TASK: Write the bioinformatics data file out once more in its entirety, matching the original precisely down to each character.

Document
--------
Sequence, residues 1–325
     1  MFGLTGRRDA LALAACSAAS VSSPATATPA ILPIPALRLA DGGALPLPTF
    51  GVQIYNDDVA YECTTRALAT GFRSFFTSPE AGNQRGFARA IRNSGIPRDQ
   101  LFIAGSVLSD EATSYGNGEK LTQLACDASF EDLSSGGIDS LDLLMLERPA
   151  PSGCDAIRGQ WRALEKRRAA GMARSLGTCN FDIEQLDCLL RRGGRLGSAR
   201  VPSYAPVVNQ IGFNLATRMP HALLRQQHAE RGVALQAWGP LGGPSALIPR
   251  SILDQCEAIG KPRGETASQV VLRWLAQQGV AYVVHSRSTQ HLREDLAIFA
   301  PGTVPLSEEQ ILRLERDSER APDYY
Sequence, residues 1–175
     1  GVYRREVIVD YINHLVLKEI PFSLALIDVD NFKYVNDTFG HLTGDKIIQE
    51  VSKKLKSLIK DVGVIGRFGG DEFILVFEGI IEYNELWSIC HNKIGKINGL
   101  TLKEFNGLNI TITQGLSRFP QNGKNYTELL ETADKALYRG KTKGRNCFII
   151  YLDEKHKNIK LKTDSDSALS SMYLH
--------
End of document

Sequence, residues 1–325
     1  MFGLTGRRDA LALAACSAAS VSSPATATPA ILPIPALRLA DGGALPLPTF
    51  GVQIYNDDVA YECTTRALAT GFRSFFTSPE AGNQRGFARA IRNSGIPRDQ
   101  LFIAGSVLSD EATSYGNGEK LTQLACDASF EDLSSGGIDS LDLLMLERPA
   151  PSGCDAIRGQ WRALEKRRAA GMARSLGTCN FDIEQLDCLL RRGGRLGSAR
   201  VPSYAPVVNQ IGFNLATRMP HALLRQQHAE RGVALQAWGP LGGPSALIPR
   251  SILDQCEAIG KPRGETASQV VLRWLAQQGV AYVVHSRSTQ HLREDLAIFA
   301  PGTVPLSEEQ ILRLERDSER APDYY
Sequence, residues 1–175
     1  GVYRREVIVD YINHLVLKEI PFSLALIDVD NFKYVNDTFG HLTGDKIIQE
    51  VSKKLKSLIK DVGVIGRFGG DEFILVFEGI IEYNELWSIC HNKIGKINGL
   101  TLKEFNGLNI TITQGLSRFP QNGKNYTELL ETADKALYRG KTKGRNCFII
   151  YLDEKHKNIK LKTDSDSALS SMYLH